• Foot Pumps – It may sound far-fetched but foot pumps were originally designed to be used on vehicles and not bicycles. If you get an older model foot pump you will need to purchase an adapter for the valve that will allow it to be used on the bicycle. Since they weren’t designed for bicycles originally, you may find that they don’t fit the standard Presta and Schraeder valves. Foot pumps generate a low amount of pressure so you will find the best results when using them on low pressure tires like mountain bike tires.
  • CO2 Inflators – while the efficiency and speed in which these pumps work, you will find that the CO2 leaks out through the inner tube very quickly. For this reason, you may not find the use of CO2 inflators, anything more than an emergency measure or method that will get you home in the event of an emergency flat.
  • Electric Pumps – Electric pumps are used to inflate motorcycle, vehicle and other motored vehicles. Electric pumps are typically very heavy and need electricity of some kind to run. A popular feature of electric pumps that consumers like is that the desired PSI can be pre-set and the pump will inflate the tire until the desired tire pressure is reached. Be sure if you are ever using an electric bike pump that you set the correct pressure so the tire does not over inflate and burst.

Recommended Uses for Each Pump Type

Each type of bike pump has uses that they are better suited for than the others. We’ve outlined the, for you below.

  • Stand pump – Stand pumps are good for amateur cyclists, those that are not able to use their upper bodies to depress the handler and inflate the tires. They are also used by recreation al cyclists who may just ride on the occasional weekend. They are simple for the user to operate and you don’t need any electrical source to use them. They almost always have a universal adapter that makes them able to be used on any bike.
  • Bike Pump2

  • Hand Pump – Hand pumps are used in many different ways. They are recommended for semi-professional cyclists as well as amateur cyclists, and any user who regularly uses a bike. Hand pumps are lightweight and very portable and are also the least expensive of the pumps. They also do not require any additional power source other than the user using an upper body pumping action.
  • Foot Pump – Foot pumps are perfect for low pressure tires including mountain bikes and other low pressure tires. It is also good for amateur cyclists and users that are capable of using the lower body for the pumping action the foot pumps require. Foot pumps are very efficient and accurate and simple to use as well.
  • Electric Pumps – Electric pumps are heavier and less portable than other types of pumps. They are recommended for users that do not have the physical ability to use a pumping action with either upper or lower body. They typically have a pressure gauge and are accurate as well.
  • CO2 Inflators – CO2 Inflators are accurate and compact. One of the pluses that they have is their ability to work very fast and they do not require physical action on the part of the user. They are most often recommended to be used by semi-professional and professional cyclists and users who need their tires inflated quickly such as those in a race or marathon of some kind.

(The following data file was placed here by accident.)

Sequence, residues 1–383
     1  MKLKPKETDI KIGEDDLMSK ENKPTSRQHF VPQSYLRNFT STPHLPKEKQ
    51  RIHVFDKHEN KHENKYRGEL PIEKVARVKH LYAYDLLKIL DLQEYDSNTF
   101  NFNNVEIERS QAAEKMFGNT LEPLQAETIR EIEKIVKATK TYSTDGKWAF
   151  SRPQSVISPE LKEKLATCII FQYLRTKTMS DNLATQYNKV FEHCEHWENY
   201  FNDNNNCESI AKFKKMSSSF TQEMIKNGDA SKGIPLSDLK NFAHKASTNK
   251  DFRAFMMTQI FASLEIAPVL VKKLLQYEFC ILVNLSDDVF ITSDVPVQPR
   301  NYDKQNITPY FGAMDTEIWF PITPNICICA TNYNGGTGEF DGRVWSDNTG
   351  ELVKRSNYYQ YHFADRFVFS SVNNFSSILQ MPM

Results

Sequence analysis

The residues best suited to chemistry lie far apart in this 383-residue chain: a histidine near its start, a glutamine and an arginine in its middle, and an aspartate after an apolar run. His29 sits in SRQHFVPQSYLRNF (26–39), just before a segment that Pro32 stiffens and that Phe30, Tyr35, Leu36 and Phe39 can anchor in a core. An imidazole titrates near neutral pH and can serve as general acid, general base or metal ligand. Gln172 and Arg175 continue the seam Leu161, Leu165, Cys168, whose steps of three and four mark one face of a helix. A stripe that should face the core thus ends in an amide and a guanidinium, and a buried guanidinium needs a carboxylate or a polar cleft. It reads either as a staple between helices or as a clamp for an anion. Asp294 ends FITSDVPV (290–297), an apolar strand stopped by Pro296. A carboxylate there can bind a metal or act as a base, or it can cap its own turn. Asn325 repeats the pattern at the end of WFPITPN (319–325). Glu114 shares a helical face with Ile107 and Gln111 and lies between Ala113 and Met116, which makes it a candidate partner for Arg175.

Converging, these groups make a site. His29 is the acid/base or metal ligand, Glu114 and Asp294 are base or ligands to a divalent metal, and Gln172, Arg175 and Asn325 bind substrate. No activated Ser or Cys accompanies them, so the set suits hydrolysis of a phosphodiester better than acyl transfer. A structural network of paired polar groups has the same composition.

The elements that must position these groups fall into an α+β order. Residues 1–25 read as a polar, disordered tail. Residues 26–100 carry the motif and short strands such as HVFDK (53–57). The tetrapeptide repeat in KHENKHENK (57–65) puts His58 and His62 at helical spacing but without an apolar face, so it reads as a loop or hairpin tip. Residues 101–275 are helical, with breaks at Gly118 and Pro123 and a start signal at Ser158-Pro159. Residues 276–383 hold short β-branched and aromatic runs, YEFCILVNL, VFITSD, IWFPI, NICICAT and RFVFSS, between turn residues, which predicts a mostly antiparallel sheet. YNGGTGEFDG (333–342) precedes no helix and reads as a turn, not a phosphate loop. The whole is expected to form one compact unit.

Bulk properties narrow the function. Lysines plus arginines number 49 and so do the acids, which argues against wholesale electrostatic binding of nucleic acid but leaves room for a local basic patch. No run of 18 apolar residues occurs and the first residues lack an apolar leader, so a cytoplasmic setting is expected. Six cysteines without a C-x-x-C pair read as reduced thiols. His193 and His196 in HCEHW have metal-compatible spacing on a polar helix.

Things to Consider when Looking for a Bike Pump

There are many different considerations to look at when shopping around for a bike pump. The things we’ve listed below are the most important to look at.

  • Metal alloy construction with replaceable parts – There are some bike pumps that have all plastic parts. They are definitely less expensive than the metal alloy models but they don’t last anywhere near as long and can actually break quickly. Look for bike pumps that are constructed from metal alloy and steel parts and you will find that they last much longer.
  • Taller is better – Tall pumps deliver more air to the tire for each stroke of the handle. This means you will have to work a lot less to achieve the same results.
  • Look for a good gauge – A reliable gauge is important because you will be able to ensure that you are inflating the tires to the recommended pressure. Gauges are either at the top of the bike pump or at the base. Higher mounted gauges are much easier to read simply because they are closer to your eyes when you are using them.
  • Bike Pump3

  • A good, sturdy base – When you are using a standard bike pump, you will place your feet on the base to hold it steady while you are pumping up the tires. Those bases cab either be fixed position bases or fold up. Fixed position bases are sturdier to use and offer better support to the user.
  • Connectors – Make sure that the connectors fit standard bike valves. The two types of valves are Presta and Schraeder. Your safest bet is to buy a bike pump that fits both types of valves since bikes will have either one or the other.


The most common type of bike pump is the standard bike pump. There are many different things about it that make it a preferred piece of equipment to own if you have bicycles, whether you use those bikes for pleasure, for the kids, for exercise or if you are a serious cyclist that enters races and competitions.

They are not very expensive, and if you invest in a good quality model with metal alloy and steel parts, you can expect to have it around for a long time to come. If you opt for the higher quality models, they are also usually capable of having replacement parts available as well.

If you have one or several bikes in your home, having a bike pump on hand will be a good investment for you to make. It’s great for taking on trips and some of the standard bike pumps are small enough to fit inside a larger backpack if needed.

The information in this guide will help you determine which bike pump is the right choice for you and will be determined also by what you do with your bike. A professional or semi professional cyclist will require higher quality than a pleasure rider but regardless of which you are the one thing that remains consistent is that if you have a bike pump on hand, you will never be caught stuck with a flat tire.